A Brief History Of Time: Unpacking DC's Reboots, Relaunches & Retcons


Meanwhile, starting with 1989's "Gotham By Gaslight," DC had found yet another way to tell parallel-world stories, by calling them "Elseworlds" and decreeing that they would have no effect on main-line continuity. Mark Waid, who had written 1996's "Kingdom Come" Elseworlds and its sequel "The Kingdom" (and who incidentally had edited "Gaslight") collaborated with "JLA" writer Grant Morrison on the concept of Hypertime.

Essentially a catch-all for any story DC had ever published, from "Action Comics" #1 to a Hostess Cupcake comic starring Green Lantern, was now deemed part of Hypertime. While Hypertime threads could manifest occasionally as part of the main timeline -- as in the "Kingdom: Planet Krypton" special, when Batman recognized a traditional, out-of-continuity Batwoman -- it wasn't that easy to travel through Hypertime at will. The Flash could do it with some practice, but a "Superboy" arc required some Apokoliptian technology powered by a nuclear explosion. While it was intended to re-expand the scope of DC cosmology, even hinting that the infinite Multiverse destroyed in "Crisis" was just a little corner of Hypertime, it never caught on.


A couple more series-specific reboots deserve some attention. In 2004, Waid and artist Leinil Yu revised Superman's origin for the first time since "Man of Steel" in the 12-issue "Superman: Birthright." Among other things, it established that teenaged Lex Luthor was friends with Clark Kent in Smallville (as was the case in the Silver Age and on the "Smallville" TV show) and crafted a fake-Kryptonian-invasion storyline to go along with Supes' earliest appearances. Around the same time, Waid and artist Barry Kitson relaunched "Legion of Super-Heroes" in what was later called the "threeboot." This time the Legion was more of a youth movement than a super-team, and the stories started with the group already fairly well-established. It lasted about four years before being sidelined in favor of an earlier version.


For 2005's 20th anniversary of "Crisis On Infinite Earths," DC turned to writer Geoff Johns and artist Phil Jimenez. "Infinite Crisis" brought back four characters from the original "Crisis," killed three of them, and turned the fourth into a nigh-irredeemable strawman. As far as reboots go, "Infinite Crisis" explained minor timeline tweaks on much the same level as a parent explaining thunder to a small child, only instead of "God is bowling" it was "an angry version of Superboy is punching an interdimensional wall." The sequel also set up a new Multiverse, whose existence was revealed a year later towards the end of the weekly "52" maxi-series.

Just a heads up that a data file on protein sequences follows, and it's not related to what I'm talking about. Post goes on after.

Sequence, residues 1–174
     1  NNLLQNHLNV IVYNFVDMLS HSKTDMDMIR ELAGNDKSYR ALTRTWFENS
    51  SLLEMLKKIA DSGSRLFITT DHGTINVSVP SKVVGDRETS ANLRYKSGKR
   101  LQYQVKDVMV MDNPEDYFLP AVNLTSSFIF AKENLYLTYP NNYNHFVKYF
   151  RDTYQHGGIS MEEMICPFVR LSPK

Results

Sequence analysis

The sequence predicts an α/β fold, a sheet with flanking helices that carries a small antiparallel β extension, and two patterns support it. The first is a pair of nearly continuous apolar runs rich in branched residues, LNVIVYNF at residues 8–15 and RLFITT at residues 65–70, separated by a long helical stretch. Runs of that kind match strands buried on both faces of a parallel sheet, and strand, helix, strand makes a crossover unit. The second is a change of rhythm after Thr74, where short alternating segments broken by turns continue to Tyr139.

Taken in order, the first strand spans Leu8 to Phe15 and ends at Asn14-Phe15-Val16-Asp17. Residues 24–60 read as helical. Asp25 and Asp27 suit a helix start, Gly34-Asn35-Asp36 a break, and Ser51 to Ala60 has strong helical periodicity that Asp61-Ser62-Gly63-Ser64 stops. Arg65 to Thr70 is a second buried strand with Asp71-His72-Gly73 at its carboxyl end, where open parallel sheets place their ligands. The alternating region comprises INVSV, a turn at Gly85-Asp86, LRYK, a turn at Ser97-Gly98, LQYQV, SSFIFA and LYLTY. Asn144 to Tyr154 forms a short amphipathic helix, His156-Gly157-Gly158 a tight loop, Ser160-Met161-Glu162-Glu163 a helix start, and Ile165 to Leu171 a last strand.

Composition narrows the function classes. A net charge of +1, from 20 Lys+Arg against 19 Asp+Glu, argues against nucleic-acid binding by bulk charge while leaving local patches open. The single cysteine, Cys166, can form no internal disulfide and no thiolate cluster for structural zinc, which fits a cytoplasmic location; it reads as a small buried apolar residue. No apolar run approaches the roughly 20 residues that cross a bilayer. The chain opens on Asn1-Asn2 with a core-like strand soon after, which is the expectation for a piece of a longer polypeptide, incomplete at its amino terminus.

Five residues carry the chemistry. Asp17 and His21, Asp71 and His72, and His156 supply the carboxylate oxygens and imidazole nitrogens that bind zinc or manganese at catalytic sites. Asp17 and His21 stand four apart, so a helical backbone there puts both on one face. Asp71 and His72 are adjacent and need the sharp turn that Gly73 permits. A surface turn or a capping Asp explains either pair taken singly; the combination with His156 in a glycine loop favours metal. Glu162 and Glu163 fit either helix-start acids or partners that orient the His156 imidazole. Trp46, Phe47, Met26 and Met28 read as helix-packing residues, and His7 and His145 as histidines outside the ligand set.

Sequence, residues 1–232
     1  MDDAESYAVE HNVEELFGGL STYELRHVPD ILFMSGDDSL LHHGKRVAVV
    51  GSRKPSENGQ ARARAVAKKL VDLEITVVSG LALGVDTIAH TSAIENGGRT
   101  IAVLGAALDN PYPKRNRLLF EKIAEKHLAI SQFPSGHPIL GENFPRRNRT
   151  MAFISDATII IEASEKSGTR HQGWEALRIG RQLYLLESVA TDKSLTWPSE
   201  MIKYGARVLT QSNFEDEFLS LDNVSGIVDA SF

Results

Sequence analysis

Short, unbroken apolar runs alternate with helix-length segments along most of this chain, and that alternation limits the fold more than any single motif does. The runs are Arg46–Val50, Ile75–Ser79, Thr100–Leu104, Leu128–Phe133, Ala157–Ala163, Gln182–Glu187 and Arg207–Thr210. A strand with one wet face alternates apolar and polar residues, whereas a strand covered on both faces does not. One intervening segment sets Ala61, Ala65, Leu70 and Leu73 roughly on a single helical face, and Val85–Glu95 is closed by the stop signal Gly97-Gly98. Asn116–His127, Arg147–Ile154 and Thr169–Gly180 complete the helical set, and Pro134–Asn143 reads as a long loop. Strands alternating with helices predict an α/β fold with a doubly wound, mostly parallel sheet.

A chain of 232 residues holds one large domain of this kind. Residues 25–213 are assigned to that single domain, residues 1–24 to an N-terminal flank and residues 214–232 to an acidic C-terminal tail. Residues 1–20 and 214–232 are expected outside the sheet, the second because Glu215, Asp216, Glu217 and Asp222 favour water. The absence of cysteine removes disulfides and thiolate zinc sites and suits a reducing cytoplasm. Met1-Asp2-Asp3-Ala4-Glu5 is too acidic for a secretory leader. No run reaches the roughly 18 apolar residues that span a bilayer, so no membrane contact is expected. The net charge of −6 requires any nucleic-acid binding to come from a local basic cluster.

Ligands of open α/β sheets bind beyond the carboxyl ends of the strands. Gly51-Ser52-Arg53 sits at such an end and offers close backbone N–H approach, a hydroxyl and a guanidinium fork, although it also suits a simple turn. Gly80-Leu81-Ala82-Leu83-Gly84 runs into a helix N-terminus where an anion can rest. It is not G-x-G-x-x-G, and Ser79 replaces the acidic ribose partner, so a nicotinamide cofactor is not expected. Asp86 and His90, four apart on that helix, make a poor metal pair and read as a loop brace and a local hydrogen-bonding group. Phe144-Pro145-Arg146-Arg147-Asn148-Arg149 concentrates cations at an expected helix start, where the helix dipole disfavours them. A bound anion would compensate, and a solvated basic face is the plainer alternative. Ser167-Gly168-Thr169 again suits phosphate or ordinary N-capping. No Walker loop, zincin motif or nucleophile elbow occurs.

The Multiverse got a lot of play over the next couple of years, primarily in the "Countdown" and "Final Crisis" miniseries. The ending of "Final Crisis" involved another cosmic restart, but this one was meant more to undo the damage from the miniseries than for continuity tweaks. Nevertheless, Johns and artist Gary Frank used the opportunity to produce "Superman: Secret Origin," the third and last major set of revisions in the post-Crisis period.


"Final Crisis" ended in early 2009, but a little over two years later DC announced another line-wide relaunch. "Flashpoint" was a five-issue miniseries with its own dizzying array of tie-ins, each focusing on a different aspect of a horrifically altered DC-Earth. To set things straight, the Flash (Barry Allen, back since "Final Crisis") restarted the timeline as directed by the mysterious Pandora. The resulting New 52 timeline picked up five in-story years after the Justice League formed, and was a mishmash of total reboots (Superman, the Flash, Wonder Woman) and grandfathered continuity (Batman, Green Lantern, the rest of the Multiverse) thrown together with characters from DC's Vertigo and WildStorm imprints.